Tuesday, January 31, 2012

Red-Headed Woodpecker ~ Melanerpes erythrocephalus

Red-Headed Woodpecker ~ Melanerpes erythrocephalus


We were thrilled to have an adult Red-Headed Woodpecker visit our yard in mid-May of 2010. If you've ever seen one of these woodpeckers, they have eye catching tri-colored plumage of red, white and black. It's the only woodpecker in North America to have a solid red head (when mature).

Red-Headed Woodpecker range includes Montana east to New York, south to Texas and Florida (see map at bottom).



We excitedly told friends about our sighting, most thought we were talking about the more common Red-Bellied Woodpecker which have red on their heads. They are named for the red patch on their lower front.
(Left Photo: Female Red-Bellied Woodpecker)

Red-Headed Woodpecker populations are on a serious decline. "[P]opulations have declined 89% since 1967. The bird has experienced an average decline of 4.6% per year since 1980 due to loss of habitat and other factors." (Red-Headed Woodpecker Recovery Website)


Red-Headed Woodpeckers like open woodland habitats with mature live trees (primarily nut producing trees) and plenty of snags (dead standing trees) for cavity nesting. They also prefer an open understory. Locally, our oak woodland-brushland and oak savannas are ideal habitats except there is usually not enough snags available for nesting cavities.

"Red-heads are primary cavity excavators. They create tree holes for nesting, food storage and roosting. Once abandoned, these cavities become sites for secondary cavity nesters, birds that will not create their own holes but depend on holes left by others. These species include bluebirds, swallows, wrens, flycatchers, kestrels, screech-owls as well as others." (Red-Headed Woodpecker Recovery Website)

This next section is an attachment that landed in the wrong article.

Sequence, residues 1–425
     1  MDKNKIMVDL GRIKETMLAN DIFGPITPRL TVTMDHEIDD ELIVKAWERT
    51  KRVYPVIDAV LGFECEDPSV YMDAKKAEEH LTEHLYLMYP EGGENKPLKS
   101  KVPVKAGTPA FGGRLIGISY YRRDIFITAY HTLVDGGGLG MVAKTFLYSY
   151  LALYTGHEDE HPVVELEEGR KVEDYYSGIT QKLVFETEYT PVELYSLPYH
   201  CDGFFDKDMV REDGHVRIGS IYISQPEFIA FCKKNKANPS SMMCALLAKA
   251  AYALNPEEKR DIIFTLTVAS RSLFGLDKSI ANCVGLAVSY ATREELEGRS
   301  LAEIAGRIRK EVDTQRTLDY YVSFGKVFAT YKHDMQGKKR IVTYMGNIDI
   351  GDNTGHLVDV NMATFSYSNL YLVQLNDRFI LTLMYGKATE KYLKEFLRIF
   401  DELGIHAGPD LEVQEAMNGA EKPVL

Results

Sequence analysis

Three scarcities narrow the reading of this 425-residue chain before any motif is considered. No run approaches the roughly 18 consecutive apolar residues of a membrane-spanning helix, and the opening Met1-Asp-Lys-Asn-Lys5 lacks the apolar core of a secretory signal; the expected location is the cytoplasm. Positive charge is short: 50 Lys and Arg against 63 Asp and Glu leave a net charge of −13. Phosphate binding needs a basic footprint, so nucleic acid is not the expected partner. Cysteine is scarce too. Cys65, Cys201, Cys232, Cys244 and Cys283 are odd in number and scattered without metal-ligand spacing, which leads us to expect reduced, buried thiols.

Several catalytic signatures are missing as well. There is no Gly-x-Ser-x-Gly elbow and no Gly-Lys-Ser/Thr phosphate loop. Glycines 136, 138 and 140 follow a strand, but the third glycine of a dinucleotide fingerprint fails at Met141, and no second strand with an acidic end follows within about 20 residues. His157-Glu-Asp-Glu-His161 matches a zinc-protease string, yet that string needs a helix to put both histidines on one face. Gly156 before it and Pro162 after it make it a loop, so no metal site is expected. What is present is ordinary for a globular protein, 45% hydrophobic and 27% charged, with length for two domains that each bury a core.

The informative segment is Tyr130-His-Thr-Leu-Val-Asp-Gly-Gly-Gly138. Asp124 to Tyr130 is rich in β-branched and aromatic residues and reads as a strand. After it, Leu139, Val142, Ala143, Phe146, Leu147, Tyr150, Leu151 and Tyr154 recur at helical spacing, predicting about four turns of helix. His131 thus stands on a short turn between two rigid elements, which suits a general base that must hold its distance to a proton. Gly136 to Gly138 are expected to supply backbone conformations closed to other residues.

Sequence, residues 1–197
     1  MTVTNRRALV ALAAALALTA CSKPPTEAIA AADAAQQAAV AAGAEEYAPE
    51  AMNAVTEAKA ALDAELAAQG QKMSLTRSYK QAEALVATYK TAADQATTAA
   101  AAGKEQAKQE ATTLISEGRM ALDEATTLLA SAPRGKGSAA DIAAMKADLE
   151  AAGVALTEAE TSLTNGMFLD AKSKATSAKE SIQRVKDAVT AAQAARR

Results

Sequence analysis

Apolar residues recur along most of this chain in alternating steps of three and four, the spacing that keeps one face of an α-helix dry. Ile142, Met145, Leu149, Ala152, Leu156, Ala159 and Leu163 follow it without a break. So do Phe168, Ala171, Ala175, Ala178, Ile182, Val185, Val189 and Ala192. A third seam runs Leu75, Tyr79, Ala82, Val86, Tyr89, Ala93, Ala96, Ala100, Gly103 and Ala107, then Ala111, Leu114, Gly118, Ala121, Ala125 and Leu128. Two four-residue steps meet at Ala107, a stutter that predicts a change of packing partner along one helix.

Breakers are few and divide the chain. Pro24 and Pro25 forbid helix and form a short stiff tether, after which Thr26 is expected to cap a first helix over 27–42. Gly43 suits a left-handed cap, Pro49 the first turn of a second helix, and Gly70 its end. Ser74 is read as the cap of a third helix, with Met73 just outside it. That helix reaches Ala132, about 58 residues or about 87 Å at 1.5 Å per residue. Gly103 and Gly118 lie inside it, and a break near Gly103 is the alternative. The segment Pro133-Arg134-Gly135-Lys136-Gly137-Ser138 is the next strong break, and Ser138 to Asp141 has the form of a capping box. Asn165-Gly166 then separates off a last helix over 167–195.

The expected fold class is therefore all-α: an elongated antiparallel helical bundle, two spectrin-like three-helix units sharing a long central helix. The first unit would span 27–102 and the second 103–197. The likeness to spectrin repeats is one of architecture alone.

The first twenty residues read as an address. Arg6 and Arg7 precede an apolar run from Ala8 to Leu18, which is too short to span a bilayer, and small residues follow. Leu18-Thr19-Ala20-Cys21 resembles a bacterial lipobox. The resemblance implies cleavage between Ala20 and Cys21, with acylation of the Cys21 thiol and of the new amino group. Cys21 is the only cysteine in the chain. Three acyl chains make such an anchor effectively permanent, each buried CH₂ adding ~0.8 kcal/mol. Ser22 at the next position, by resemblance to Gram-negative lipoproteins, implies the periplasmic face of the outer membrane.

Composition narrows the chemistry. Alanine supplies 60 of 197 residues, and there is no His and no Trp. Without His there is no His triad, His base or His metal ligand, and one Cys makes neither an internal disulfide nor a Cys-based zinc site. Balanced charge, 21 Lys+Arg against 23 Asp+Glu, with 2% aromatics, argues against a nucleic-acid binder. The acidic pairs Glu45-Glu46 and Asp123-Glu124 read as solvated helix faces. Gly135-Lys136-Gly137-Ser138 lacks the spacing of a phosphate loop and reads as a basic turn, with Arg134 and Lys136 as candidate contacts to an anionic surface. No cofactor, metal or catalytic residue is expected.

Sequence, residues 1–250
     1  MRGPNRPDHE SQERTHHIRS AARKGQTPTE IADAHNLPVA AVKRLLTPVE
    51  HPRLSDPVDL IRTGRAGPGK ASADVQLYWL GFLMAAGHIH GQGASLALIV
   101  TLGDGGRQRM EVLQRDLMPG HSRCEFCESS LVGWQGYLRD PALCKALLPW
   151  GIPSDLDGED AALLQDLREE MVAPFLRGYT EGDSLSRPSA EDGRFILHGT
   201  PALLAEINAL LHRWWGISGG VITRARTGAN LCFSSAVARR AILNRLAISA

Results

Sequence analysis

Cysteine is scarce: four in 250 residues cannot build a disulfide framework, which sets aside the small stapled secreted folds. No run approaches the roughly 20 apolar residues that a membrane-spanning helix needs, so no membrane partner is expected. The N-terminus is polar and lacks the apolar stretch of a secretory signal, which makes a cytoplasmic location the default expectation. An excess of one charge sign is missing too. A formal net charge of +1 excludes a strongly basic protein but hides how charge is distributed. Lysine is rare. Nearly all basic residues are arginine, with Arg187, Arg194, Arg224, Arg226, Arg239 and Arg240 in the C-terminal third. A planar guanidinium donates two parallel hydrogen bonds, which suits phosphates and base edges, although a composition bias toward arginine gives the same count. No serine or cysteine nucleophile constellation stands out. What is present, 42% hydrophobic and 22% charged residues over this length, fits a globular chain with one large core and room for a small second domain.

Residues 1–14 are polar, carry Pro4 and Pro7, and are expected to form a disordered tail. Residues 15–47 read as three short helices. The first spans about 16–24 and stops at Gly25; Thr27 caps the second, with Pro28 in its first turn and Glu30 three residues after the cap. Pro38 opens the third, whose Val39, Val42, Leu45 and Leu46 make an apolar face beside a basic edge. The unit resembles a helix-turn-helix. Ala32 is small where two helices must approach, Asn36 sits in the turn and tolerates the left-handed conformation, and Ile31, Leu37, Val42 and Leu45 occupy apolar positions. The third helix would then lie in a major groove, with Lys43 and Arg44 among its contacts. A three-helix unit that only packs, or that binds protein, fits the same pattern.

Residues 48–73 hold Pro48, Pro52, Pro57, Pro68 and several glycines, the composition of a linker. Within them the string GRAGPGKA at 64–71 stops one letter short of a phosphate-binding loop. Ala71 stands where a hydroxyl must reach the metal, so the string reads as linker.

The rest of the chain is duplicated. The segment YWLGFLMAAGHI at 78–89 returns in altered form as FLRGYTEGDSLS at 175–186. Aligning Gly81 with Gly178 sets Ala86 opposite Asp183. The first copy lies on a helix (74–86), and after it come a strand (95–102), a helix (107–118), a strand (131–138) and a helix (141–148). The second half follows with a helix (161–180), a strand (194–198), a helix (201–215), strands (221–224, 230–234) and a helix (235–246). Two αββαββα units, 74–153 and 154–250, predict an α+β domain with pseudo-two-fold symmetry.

"They [b]egin nest-building as early as February and egg-laying as early as mid-April. An average of 4-7 eggs are laid in the cavity and incubated by both parents for 12-14 days. May have two broods per season and will lay a second clutch if first fails. A pair may use the same cavity for several years in a row." (Audubon Website)

Juvenile Red-Headed Woodpeckers have brown heads and black stripes in their white wing patch.



Red-Headed Woodpeckers "consume seeds, nuts, sap, corn, fruit, insects, bird eggs, nestlings, adult birds, and mice. Eats mostly insects and plant material in summer and mostly nuts (acorns and beechnuts) in winter. Will forage on ground, capture insects in flight, glean food from vegetation, or chisel trees for wood-boring insects and sap. Most adapted of all the woodpeckers for flycatching. Will store food for winter (grasshoppers, nuts, corn, and fruit) in natural crevices of trees and posts, in tree cavities, under bark, and under railroad ties and shingles. Only known woodpecker to cover stored food with bark or wood." (Audubon Website)

Image Source:
Cornell Lab of Ornithology
Municipalities and private landowners who live in the Red-Headed Woodpecker range can make a difference by leaving dead trees standing, maintaining a lower density or more open spacing of trees, keeping an open understory, and a good number of nut producing mast trees. (Red-Headed Woodpecker Recovery Website)

An sightings can be reported at the Red-Headed Recovery website.

More Information
Red-Headed Woodpecker Recovery
Audubon
Cornell Lab of Ornithology